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Lenbrook was the natural choice for us when my wife and I decided it was time to move into a senior living community. It was the right choice for several reasons. For one, my parents chose to live in a CCRC (continuing care retirement community) way back in 1964. My father lived there nine years and my mother 22 years. Those were happy years for them in Penney Farms, Florida. So I’ve known what a CCRC is for a long time.

CCRCs, like Lenbrook, now call themselves “Life Plan Communities.” Call it what you may, it's still the same "age-in-place" strategy. My wife and I wanted a community that would allow us to stay in the same community as our need for higher levels of care may increase. Moving is a huge chore. A single-location community removes the burden of moving multiple times. Lenbrook offers it all in one campus – independent and assisted living, rehabilitation and skilled nursing care. 

One Man’s Dream

Another reason Lenbrook seemed like the natural choice for us was the fact that I had met one of the original developers of Lenbrook back in 1980. At the time, he was a nursing home administrator and I was interviewing him as a part of my research work for the North Georgia Health Care System Agency as a part of a fellowship from the Gerontological Society of America. He had just acquired the property and told me he had a dream to build a new community and wanted to name it Lenbrook. So, my wife and I had our eyes on Lenbrook for years and the location was close to Piedmont Hospital where our doctors are. 

You Need to Plan for the 90s

Some people think "old age" means "You're going to drop dead soon." But it's not. It's a moving target. Look at us, we never dreamed we'd get this far. Since middle age ends at 70 these days, chances are that many of us will reach the 90s or more. That means if you retire at 60, you may have 30 more years. You've got to plan for it.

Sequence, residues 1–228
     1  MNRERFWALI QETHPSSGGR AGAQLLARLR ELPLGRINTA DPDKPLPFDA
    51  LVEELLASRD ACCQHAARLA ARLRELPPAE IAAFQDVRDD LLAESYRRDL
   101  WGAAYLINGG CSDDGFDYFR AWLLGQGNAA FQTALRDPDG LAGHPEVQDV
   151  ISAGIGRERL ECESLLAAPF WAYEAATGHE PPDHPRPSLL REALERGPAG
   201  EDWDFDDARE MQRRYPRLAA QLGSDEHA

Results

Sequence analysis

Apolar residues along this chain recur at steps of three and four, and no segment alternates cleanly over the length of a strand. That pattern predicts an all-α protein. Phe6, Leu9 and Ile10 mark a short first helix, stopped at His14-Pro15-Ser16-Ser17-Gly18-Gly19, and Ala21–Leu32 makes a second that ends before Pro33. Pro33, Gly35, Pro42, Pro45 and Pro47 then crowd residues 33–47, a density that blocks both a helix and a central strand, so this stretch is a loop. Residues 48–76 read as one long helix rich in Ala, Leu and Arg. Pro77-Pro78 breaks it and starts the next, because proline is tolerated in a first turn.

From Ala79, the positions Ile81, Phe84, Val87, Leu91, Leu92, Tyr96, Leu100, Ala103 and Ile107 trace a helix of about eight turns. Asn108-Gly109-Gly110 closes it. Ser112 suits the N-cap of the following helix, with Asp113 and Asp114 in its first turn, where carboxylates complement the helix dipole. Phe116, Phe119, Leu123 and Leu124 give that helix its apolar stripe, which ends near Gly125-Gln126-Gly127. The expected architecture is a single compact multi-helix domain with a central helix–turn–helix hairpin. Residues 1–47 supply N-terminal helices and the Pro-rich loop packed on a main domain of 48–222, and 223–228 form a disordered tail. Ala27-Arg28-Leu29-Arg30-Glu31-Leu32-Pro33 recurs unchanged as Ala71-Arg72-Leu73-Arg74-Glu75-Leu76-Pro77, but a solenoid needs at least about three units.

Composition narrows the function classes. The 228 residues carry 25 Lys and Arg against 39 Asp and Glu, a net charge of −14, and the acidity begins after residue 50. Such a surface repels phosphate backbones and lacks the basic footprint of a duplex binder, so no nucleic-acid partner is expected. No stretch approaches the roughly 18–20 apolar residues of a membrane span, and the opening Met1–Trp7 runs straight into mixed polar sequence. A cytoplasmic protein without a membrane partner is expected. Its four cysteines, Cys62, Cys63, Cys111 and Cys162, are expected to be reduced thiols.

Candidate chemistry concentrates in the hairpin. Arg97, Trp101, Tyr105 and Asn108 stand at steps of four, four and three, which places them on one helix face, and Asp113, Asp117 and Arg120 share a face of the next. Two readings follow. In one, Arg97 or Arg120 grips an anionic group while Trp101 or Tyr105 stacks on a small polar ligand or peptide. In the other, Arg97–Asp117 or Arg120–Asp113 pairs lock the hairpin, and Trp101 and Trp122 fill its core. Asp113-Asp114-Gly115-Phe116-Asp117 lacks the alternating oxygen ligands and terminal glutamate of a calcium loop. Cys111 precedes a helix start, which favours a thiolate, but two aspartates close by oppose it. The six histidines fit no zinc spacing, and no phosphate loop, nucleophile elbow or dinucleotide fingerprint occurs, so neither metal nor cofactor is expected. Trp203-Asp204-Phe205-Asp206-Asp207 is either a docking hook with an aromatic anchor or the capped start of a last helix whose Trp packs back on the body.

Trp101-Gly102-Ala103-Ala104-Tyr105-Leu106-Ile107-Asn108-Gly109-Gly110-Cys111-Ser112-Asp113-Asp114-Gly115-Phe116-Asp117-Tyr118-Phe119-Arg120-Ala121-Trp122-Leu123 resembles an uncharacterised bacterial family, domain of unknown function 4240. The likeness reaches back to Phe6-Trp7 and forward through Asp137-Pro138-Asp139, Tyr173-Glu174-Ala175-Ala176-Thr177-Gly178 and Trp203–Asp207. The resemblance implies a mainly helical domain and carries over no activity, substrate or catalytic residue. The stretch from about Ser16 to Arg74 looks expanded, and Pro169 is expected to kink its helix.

With a doctorate in Sociology, I've spent my professional career studying how aging affects the structure of society, medicine and healthcare. So for my wife and me, planning ahead for how we wanted to retire, and how would we handle the changes in our health as we age was just something you do. 

Unfortunately, some people wait to plan and wait too long to make a move. That makes it more difficult. We wanted to move, get established, make friends and have a support system in place for when we would need it. We've done that and are having plenty of fun in the process. 

I hope the new name "Life Plan Community" will prompt others to start thinking about their retirement plans earlier, while they are still independent, healthy and can enjoy their new friends and community.

Carleton Guptill and his wife Fay enjoy singing together in Lenbrook's choral group and serving in a variety of Resident Association leadership positions. Born in Maine, Carleton moved to Atlanta and attended Boys' High School (now Grady). After receiving his BA and Master’s degrees from Emory University and a PhD from Duke University, Carleton taught sociology for 15 years at the University of Maine. He returned to Atlanta to expand his teaching career to include large health-related research projects. In 1980, he was awarded a fellowship to study nursing homes in Georgia. He retired in 1998.